A study in the July issue of Pediatrics, “EmergencyDepartment Visits for Self-Inflicted Injuries in Adolescent,” (published online June 15) examined 286,678 adolescent trauma patients, 3,664 of whom sustained a self-inflicted injury.
The study aimed to describe emergency department visits for self-inflicted injury in teens from 2009 to 2012, by tracking trends in mechanism of injury and identifying factors associated with increased risk of self-harm behaviors.
Cut/pierce injuries were the most common, while firearm injuries decreased. Females are more likely to experience cut/pierce injuries and higher emergency department visit rates than males. Males are at greater risk of dying of their injuries, likely due to their use of more lethal forms of injury, such as firearms. Teens with any comorbid condition, especially those with greater than two conditions, had greater risk for self-inflicted injury compared to teens with no comorbid conditions. The authors also found that risk of self-inflicted injury was lower in African American adolescents than in white teens. Teens with public or no health insurance are at increased risk of death from their injuries than those with private insurance.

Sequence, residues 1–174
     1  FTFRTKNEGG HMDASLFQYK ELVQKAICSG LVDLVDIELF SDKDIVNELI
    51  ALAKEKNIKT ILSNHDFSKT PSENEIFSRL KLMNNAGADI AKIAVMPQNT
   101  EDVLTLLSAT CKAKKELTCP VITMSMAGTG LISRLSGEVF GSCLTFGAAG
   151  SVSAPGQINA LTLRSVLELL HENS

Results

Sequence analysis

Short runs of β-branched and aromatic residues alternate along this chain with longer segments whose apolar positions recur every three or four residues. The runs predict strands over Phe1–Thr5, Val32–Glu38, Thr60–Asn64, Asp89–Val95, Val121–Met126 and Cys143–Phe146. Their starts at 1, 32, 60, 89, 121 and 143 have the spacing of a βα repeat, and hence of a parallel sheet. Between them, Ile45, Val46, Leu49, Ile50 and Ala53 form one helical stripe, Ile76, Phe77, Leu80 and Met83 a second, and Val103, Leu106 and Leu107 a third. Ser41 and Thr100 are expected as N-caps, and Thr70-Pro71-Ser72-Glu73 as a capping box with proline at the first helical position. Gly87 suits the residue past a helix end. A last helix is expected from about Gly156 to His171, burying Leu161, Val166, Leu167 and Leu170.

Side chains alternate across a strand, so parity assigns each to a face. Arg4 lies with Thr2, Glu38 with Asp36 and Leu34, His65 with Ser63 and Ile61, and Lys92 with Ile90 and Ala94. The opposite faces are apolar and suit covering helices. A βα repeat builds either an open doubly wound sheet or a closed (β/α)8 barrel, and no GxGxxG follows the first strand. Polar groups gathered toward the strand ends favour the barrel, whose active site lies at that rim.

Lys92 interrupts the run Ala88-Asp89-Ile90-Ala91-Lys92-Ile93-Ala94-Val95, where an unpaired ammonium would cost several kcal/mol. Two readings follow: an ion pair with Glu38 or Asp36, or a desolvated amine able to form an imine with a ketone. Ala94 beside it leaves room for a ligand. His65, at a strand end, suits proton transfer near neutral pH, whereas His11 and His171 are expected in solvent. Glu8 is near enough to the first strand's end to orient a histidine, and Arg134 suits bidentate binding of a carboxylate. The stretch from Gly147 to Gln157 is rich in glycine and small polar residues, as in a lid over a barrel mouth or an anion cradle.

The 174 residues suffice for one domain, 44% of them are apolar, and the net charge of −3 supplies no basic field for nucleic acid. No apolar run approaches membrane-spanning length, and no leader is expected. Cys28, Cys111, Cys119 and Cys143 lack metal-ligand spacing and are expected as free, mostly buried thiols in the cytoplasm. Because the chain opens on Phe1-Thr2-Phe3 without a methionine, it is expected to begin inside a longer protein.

The authors conclude that these findings identify potential subgroups of adolescents who would benefit from self-inflicted injury prevention efforts.